The move to virtual comes as COVID rates for Indigenous groups outpaces share of population
BOISE — A group of more than 200 people from across Idaho and the Northwest logged online to Facebook and Zoom to honor and recognize the original inhabitants of Idaho through the state’s second Indigenous People’s Day celebration.
Last year, Gov. Brad Little signed a proclamation recognizing Indigenous People’s Day on the day traditionally marked as Columbus Day. The designation acknowledges and celebrates the contributions of native communities to Idaho. Following the proclamation reading last October, Indigenous leaders and activists spoke to a large crowd in the atrium of the state Capitol.
Like many events in both Indigenous and non-Indigenous communities, this year’s Indigenous People’s Day was celebrated online, to ensure the safety of its participants and attendees.
Tai Simpson, an activist and member of the Nez Perce Tribe, helped host the online event, along with Jason Prettyboy, a Lakota Sioux tribal member. Simpson was thrilled throughout the celebration to conduct interviews and meet virtually with tribal members. She said it has been difficult to connect because the COVID-19 pandemic has inhibited tribes from hosting events and gatherings.
“We haven’t been able to powwow this season,” Simpson said.
Powwows are celebrations in Native communities with singing and dancing, spaces to show art, and time to pray and come together as a community.
The COVID-19 pandemic has shown and exacerbated the health disparities between non-Hispanic white people and American Indians and Alaska Natives. The U.S. Centers for Disease Control and Prevention reported that in 23 states, American Indians and Alaska Natives are more than three times more likely than non-Hispanic whites to test positive for the virus.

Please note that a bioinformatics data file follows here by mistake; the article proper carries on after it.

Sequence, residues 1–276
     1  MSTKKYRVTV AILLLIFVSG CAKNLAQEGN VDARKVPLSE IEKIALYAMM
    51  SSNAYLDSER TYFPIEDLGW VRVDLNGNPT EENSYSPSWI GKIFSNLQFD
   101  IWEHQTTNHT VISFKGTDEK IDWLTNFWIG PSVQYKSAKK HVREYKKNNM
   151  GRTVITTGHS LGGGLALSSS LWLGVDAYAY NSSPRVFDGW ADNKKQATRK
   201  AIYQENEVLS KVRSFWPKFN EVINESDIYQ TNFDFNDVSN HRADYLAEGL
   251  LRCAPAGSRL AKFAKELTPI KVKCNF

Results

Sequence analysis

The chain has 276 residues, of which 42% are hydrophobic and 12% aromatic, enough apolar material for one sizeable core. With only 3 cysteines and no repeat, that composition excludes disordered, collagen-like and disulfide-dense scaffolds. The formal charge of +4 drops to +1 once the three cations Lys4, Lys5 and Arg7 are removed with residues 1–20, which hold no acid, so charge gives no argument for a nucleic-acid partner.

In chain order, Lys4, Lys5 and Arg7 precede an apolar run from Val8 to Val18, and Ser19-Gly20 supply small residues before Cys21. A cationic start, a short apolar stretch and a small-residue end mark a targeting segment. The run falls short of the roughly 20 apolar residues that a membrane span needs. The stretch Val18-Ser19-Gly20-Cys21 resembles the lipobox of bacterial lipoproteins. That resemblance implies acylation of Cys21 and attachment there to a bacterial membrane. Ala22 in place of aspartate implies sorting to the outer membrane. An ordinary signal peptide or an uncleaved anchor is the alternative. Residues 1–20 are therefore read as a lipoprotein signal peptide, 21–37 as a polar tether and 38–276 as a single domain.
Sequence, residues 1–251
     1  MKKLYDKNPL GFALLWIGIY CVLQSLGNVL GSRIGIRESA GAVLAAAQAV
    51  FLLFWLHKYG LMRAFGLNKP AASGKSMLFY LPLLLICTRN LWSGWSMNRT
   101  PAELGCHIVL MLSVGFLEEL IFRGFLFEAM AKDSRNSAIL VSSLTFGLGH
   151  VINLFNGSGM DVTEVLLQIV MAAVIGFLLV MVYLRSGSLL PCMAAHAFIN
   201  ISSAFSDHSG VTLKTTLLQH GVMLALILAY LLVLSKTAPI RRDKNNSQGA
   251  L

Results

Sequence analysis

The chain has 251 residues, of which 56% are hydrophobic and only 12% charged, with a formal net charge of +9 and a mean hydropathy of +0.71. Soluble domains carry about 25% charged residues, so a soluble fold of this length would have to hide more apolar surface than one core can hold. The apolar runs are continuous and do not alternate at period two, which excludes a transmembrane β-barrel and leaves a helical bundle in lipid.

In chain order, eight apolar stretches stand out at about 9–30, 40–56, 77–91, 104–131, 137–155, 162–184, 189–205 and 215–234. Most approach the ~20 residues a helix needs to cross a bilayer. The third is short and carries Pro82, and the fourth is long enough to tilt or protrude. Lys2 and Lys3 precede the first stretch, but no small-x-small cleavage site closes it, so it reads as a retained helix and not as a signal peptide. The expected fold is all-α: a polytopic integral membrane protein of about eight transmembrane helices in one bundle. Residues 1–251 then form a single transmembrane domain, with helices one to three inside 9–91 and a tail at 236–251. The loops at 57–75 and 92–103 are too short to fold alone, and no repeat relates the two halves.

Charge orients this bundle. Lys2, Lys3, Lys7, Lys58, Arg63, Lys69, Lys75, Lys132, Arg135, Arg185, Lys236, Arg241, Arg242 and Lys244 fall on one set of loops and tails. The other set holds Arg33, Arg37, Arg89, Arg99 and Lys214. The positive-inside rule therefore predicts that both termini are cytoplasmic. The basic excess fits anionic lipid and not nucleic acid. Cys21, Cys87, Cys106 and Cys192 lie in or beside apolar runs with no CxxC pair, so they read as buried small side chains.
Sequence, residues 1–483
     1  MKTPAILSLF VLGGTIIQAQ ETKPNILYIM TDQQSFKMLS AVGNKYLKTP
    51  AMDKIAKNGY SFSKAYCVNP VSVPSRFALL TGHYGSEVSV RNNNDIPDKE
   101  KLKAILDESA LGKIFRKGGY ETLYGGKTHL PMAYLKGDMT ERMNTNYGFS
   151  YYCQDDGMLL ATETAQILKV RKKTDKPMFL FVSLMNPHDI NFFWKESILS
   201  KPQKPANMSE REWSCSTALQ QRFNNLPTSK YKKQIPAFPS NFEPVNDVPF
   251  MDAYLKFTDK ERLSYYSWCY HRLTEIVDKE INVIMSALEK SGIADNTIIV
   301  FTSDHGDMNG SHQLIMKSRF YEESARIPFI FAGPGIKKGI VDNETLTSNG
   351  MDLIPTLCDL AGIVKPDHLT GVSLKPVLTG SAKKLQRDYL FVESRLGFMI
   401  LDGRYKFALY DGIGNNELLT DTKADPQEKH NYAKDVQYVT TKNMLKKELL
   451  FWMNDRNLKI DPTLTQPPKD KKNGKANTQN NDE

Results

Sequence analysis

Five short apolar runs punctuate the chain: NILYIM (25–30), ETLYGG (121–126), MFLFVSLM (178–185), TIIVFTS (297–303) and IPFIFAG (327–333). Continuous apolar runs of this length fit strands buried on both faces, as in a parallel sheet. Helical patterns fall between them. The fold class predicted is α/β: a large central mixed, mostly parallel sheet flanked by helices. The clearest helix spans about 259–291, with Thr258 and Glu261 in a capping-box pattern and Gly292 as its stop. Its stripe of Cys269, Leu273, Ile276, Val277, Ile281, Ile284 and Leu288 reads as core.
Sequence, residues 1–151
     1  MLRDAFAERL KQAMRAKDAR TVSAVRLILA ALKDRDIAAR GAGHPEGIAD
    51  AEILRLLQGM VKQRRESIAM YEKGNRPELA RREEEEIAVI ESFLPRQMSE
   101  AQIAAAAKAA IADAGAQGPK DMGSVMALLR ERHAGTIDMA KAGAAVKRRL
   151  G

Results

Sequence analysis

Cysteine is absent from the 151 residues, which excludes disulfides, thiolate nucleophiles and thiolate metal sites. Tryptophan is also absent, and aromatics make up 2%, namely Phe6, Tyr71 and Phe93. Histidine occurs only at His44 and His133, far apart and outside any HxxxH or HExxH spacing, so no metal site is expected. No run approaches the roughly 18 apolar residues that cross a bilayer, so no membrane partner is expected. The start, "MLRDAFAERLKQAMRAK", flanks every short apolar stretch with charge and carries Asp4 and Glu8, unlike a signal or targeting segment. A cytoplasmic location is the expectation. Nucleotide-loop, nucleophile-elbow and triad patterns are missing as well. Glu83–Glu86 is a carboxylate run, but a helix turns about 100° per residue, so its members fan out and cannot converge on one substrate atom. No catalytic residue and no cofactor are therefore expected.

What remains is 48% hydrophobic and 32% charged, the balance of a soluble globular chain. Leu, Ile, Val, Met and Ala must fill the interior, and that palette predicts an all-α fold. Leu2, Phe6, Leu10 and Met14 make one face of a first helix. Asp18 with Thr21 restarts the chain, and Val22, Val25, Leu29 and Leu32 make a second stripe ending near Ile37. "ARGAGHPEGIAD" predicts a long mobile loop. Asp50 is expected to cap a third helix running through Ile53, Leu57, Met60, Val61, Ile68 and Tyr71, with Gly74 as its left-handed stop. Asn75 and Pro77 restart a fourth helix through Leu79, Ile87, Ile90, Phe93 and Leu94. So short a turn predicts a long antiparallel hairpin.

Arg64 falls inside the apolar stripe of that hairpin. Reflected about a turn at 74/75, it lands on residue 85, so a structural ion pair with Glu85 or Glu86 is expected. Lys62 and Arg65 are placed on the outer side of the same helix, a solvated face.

In Idaho, American Indians and Alaska Natives make up 737, or 2.29%, of the state’s 32,200 COVID-19 cases with known ethnicity, according to the Idaho Division of Public Health. Census data estimates American Indians and Alaska Natives make up 1.7% of the state’s population.
During Idaho’s celebration on Monday, Simpson said she wants to see native communities celebrated as people who contribute to the state in many ways.
“We should be celebrated as folks that contribute,” Simpson said, “We are your teachers and lawyers,” she said.
According to a University of Idaho study, the five tribes of Idaho — Coeur d’Alene, Kootenai, Nez Perce, Shoshone-Bannock tribes and the Shoshone-Paiute tribes — had an annual economic footprint of over $1 billion in 2015. The tribes are ranked in the top three largest employers for each of their respective regional economies.
To begin the online celebration, Simpson mentioned three asks from Indigenous communities: she said tribes want their land back from the government, they want free education on tribal land and want all Indigenous mascots to be removed from schools; “they are all racist, full stop,” she said.
The online event featured a performance by the Rose Creek Singers of the Coeur d’Alene Tribe, originally called Schitsu’umsh, interviews with a number of young Indigenous leaders across Idaho, a speech from Idaho Democratic candidate for the U.S. Senate Paulette Jordan and interviews with native artists.
Lori Edmo, a member of the Shoshone-Bannock Tribes, also spoke at Monday’s event. She is an organizer of the Return of the Boise Valley People, an annual summer event where representatives from five tribes in Idaho reunite to celebrate their heritage.
Edmo said the Boise Valley People are working to gain nonprofit status and to someday start on plans for a cultural center for the Boise Valley People.
After the Boise Valley People were marched out of the Treasure Valley nearly 150 years ago, their descendants became the Burns Paiute of Oregon, the Confederated Tribes of Warm Springs Paiute Band, the Fort McDermitt Paiute and Shoshone of Nevada, the Shoshone-Paiute and the Shoshone-Bannock tribes today, according to previous reporting by the Idaho Press.
Jordan expressed the need for native people to register and vote in the upcoming election. She also encouraged women and native people to run for office.
“Our voices are long overdue,” she said.
Rachel Spacek is the Latino Affairs and Canyon County reporter for the Idaho Press. You can reach her at firstname.lastname@example.org. Follow her on twitter @RachelSpacek.
By: Rachel Spacek